Friday, June 12, 2009
Lucas Davenport returns in "Wicked Prey" by John Sandford
With so many of the “Prey” series novels written, it isn’t surprising that John Sandford has been focusing more on family in each book and less on his signature character Lucas Davenport. Beyond the fact that Lucas has been married for many novels now with children, there is his work family of the folks at the Minnesota Bureau of Criminal Apprehension. They always play many roles in the books and that is not an exception here. The last several novels have also featured the criminal family-- united by blood, a need to get even with Lucas, or some other circumstance.
The latest in the series “Wicked Prey” opens as many have lately in the criminal family arena. Brutus Cohen and Rosie Cruz, both aliases, are in St. Paul looking to link up with other members of their gang in the days before a big score. The Republican convention is also in town and the gang has big plans to take advantage of all that money. The fact that the political money men really can’t let out to the police what happened to them or how much money they lost just makes the job easier and very lucrative. And ripping off the money men is just the start on a much larger plan.
Naturally, Lucas and his people are called in to work the case. It isn’t the first time Lucas has handled a sensitive political situation and the illegality of what the money men are doing is without question. But, the world of politics is what it is and the bigger issue is that Brutus Cohen and Rosie Cruz and other members of the gang have a history of killing law enforcement and civilians. A nasty pattern that quickly repeats itself making Lucas and his team frantic trying to find these killers before others get hurt or killed. Naturally, things go sideways and then very bad with events becoming increasingly violent and harder to deal with from a media and publicity angle while the death and injury count climbs.
If that isn’t enough, there is the secondary story line of his adopted daughter, Letty, who at a very sophisticated fourteen, is messing with a psycho. A psycho who wants Lucas Davenport to suffer before he kills everyone in the family. Yet another storyline involves a shooter who wants to take a shot at McCain.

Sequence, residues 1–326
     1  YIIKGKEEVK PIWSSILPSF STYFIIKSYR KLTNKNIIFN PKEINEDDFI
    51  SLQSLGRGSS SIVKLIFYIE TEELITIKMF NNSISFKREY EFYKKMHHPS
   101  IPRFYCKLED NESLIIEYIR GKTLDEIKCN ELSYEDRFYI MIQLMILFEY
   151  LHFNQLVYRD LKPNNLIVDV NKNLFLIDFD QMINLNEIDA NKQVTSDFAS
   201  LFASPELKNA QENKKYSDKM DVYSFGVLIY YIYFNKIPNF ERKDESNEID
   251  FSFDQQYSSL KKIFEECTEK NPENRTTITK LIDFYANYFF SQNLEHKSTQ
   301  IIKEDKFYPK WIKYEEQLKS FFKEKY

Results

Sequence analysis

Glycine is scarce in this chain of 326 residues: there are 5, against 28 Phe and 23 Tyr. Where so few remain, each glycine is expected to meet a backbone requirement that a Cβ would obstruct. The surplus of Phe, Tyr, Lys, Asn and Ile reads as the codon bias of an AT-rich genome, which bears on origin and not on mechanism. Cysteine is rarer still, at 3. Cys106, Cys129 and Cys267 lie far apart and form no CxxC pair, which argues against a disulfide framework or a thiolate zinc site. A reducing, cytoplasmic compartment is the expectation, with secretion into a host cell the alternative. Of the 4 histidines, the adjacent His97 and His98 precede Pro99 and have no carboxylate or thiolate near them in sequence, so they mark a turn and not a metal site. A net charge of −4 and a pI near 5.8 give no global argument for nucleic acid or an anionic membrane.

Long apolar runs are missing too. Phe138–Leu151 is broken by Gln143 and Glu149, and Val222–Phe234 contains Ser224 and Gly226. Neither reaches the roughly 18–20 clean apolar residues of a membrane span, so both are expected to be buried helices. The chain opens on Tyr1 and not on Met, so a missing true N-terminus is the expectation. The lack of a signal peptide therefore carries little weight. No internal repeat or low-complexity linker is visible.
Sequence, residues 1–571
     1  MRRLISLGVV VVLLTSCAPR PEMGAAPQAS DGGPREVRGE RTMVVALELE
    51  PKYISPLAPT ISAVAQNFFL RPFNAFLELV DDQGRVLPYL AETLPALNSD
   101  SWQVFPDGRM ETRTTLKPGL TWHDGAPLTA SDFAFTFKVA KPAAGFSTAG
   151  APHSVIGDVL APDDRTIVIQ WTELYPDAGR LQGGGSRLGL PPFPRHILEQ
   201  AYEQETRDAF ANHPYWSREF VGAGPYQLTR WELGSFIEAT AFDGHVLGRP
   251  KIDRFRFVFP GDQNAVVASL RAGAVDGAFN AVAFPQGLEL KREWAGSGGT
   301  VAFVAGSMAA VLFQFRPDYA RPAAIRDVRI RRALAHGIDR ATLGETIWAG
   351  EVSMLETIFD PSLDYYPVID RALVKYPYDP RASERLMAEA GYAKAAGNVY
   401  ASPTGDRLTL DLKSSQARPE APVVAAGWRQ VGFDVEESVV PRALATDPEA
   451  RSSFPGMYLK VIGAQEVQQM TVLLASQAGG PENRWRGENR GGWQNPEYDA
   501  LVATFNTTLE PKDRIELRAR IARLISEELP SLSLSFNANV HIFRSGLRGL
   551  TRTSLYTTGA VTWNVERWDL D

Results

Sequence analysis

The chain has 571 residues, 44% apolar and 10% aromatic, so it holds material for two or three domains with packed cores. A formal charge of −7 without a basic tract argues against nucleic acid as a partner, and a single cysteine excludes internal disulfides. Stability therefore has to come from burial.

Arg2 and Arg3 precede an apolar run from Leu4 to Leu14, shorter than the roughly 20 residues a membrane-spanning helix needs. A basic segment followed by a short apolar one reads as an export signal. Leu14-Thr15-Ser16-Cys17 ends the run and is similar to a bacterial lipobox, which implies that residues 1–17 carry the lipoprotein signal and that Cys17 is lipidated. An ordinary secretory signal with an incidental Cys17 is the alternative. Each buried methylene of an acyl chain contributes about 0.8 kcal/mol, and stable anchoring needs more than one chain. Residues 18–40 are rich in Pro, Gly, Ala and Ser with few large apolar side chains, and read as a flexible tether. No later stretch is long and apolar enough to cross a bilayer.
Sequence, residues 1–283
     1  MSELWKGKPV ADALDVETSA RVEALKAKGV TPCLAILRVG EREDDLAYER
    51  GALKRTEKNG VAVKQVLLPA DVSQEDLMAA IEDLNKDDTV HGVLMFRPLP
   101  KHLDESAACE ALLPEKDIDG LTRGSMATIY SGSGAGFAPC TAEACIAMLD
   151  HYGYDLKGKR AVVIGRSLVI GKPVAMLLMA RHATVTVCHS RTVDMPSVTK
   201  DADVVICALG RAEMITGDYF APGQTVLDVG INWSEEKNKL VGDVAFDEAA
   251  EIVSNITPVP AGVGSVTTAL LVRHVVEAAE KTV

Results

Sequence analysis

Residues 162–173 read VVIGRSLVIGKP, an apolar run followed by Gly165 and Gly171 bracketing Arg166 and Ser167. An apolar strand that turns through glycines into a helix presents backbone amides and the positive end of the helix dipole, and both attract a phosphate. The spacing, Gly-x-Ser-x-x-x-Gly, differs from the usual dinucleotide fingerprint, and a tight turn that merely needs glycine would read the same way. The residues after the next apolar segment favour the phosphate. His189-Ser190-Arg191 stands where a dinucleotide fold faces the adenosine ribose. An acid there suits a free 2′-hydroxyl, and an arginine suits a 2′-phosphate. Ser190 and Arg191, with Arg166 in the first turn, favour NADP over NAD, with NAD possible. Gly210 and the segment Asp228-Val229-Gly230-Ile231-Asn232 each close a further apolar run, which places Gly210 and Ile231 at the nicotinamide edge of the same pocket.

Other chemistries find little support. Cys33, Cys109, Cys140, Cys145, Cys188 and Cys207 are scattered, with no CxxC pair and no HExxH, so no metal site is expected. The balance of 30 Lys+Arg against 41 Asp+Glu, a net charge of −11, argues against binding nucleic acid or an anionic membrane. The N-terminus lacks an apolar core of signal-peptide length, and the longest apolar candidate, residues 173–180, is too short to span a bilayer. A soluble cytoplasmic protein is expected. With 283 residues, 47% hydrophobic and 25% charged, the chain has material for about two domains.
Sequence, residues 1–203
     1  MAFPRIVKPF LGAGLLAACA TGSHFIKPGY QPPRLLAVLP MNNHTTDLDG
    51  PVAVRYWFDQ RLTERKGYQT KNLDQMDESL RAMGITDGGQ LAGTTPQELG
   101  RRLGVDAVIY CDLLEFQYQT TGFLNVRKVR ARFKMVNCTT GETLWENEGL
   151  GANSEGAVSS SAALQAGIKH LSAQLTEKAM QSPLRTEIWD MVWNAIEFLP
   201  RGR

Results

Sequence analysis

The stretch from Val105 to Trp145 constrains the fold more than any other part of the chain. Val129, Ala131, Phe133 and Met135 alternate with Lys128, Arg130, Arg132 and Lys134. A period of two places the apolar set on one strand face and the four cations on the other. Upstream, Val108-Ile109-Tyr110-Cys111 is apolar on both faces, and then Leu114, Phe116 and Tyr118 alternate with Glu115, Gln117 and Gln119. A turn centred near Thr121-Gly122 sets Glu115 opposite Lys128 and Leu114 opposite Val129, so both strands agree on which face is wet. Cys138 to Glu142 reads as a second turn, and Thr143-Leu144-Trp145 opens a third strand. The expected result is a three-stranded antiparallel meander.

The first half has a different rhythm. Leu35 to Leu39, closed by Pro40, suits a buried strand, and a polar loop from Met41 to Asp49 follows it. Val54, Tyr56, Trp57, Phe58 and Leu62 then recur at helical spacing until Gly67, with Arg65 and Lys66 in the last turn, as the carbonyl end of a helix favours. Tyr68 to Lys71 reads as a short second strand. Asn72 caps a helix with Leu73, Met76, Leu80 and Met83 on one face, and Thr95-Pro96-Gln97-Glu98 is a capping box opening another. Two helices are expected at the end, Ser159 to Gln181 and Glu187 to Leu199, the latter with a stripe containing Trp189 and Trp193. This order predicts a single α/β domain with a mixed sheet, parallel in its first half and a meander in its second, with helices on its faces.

Once again, John Sandford tells us virtually all the bad guys and bad gals in the opening chapter. So there is little mystery to figure out. Instead, this book is all about the chases and the hunts for the various suspects. Unfortunately those various chases are less than riveting which leads to a lack of suspense or thrills for the reader.
The various chases also lead to major ethical questions regarding the Letty storyline. Not only is there a major plot point hole regarding her age and her internship for a local media outlet, the actions she takes in this novel go far beyond what Lucas has done in the past. She really does seem to believe and live the concept that the ends justify the means and doesn’t care who she sacrifices to achieve her goal. By the end of the book one begins to wonder if she is a budding psychopath headed to be in direct and violent conflict with Lucas. The fact that he becomes aware of her actions and says absolutely nothing about the matter raises serious questions as to his responsibilities as a father.
The main case, the search for Cohen and Cruz, holds some interest even though the chase is disjointed, scattered, and is not totally resolved leaving open and guaranteed a sequel with some of these villains. A lot of authors seem to be doing that these days by bringing back the same criminals for return engagement after return engagement. Biggest case in point for that are recent books by Robert B. Parker.
However, the biggest issue by far is the read itself in that the book doesn’t read like a John Sandford novel normally does. Language is almost always unnecessarily graphic lately and that continues in this novel with Lucas and others using the f-word in every situation regardless of event, audience, or suitability. Beyond that fact, there is the feeling that the novel just flat out doesn’t read like a Lucas Davenport novel. The voice, style, whatever that elusive quality was that made a Lucas Davenport novel read like one is gone from this book.
Ultimately, that is our loss as readers. One hopes that John Sandford can get that quality back—and soon.
G. P. Putnam’s Sons (part of Penguin Group)
Book provided by the good folks of the Plano, Texas Public Library System.
Kevin R. Tipple © 2009